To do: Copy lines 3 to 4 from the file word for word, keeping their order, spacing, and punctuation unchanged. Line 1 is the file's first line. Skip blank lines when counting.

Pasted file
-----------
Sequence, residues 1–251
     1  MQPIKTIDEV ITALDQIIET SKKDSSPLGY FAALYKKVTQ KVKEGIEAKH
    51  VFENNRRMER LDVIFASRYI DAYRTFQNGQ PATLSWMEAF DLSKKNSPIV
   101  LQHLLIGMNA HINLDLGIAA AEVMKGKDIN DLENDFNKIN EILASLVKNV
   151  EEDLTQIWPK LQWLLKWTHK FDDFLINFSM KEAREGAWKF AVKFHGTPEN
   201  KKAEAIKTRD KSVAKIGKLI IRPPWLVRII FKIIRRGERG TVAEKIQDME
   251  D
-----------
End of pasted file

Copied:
    51  VFENNRRMER LDVIFASRYI DAYRTFQNGQ PATLSWMEAF DLSKKNSPIV
   101  LQHLLIGMNA HINLDLGIAA AEVMKGKDIN DLENDFNKIN EILASLVKNV